In the meantime, this has been a semester designed to remind me of all the reasons this errand is foolish.  Old Testament is kicking my butt, but it apparently kicks everybody's butt, so that doesn't concern me so highly.  Preaching & Worship is going reasonably well so far.  Intro to Pastoral Care ... ah, yes, my principal tormentor.  Not because anything has been particularly difficult or harsh about the class to this point but because it is the one part of this venture above all others that calls into play my greatest, most glaring flaws as a human being.  Being reminded of this on a biweekly basis hasn't been any fun, and I really don't have any idea how magically to transform those flaws into virtues or to cover over those weaknesses with strengths or any such thing.

Also part of my life right now is one of the larger future requirements to be met around here; internships.  Union requires at minimum one parish and one non-parish internship.  The parish internship is in a church, obviously, and the non-parish internship can be in anything from hospital chaplaincy to a social service organization to a retreat center to some other kind of denominational group.  Not knowing my future health vulnerabilities makes a hospital setting kind of risky, so I've been looking at other corners of the internship world for a summer internship.  The parish internship, which I hope to do over the course of next academic year, is a little more cut-and-dried, but finding a church where I can do an internship without doing some things I have theological problems with could still be a challenge.

So yeah, a lot to trouble me of late.  Probably appropriate to be blogging at 30,000 feet, with so much up in the air.

Sunday, October 14, 2012

A hymn on food and eating

Back in May, I took a course on "Theology and the Politics of Food," one of the May term offerings at Union (May term, like January term, is a three-week course often given to electives of the professor's particular interest).  Towards the end of that course a hymn started to develop itself in my brain; I got it down in electronic form, tweaked it a time or two, and left it for a time.  I've come back a time or two, and I think I mostly changed some things back and forth without making too many changes.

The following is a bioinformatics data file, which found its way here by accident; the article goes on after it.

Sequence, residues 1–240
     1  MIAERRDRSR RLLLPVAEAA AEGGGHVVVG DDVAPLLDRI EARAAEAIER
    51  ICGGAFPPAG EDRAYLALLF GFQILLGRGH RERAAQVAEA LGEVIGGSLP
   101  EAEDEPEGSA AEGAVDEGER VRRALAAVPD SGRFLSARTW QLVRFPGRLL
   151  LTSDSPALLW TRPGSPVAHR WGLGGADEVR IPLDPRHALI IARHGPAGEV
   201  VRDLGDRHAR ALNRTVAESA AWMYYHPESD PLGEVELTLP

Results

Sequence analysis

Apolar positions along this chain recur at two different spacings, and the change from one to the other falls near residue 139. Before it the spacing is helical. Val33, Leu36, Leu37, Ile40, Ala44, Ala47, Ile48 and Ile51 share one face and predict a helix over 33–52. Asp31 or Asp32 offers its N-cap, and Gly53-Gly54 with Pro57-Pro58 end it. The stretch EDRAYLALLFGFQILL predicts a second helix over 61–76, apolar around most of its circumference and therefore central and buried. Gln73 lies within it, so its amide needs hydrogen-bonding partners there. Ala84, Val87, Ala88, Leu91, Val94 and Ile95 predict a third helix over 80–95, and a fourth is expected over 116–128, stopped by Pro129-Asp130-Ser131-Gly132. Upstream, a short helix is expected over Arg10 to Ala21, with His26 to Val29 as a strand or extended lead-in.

Those who are part of the Presbyterian Church (USA) may have gotten a note in your bulletins this morning (or you may not; my church did not) about Food Week of Action and World Food Day. This extends through this week, with World Food Day on Tuesday.  You can follow the link to get some of the emphases this particular denomination is offering for this particular observance.

At any rate, it seemed like an o.k. time to put that hymn out there and see what anyone makes of it.  I don't necessarily claim it to be finished (English teachers will red-ink the last stanza, I'm sure), but I think it's at least coherent and hits a few of the themes that stayed with me from that class.  Some suggested hymn tunes are included at the end of the hymn.  Make of it what you will.

When we gather at the table
            Eating what is true and real,
Fellowship with all God’s people
            Makes the blessing for the meal.
Love for Christ and one another
            Makes the feast a sign and seal.
            (Makes the feast a sign and seal.)

Let us not forsake the workers
            Who put food upon our plates,
Those who toil at grueling labor
            Yet for whom no justice waits;
May we strive that they see mercy,
            Not be callous to their fates.

As we dine on all God’s bounty,
            Meats and grains and fruits God sows,
Never let us take for granted
            Everything that in Christ grows,
Creatures all of God’s own making
            And whose every breath God knows.

Teach us, Lord, to eat with conscience,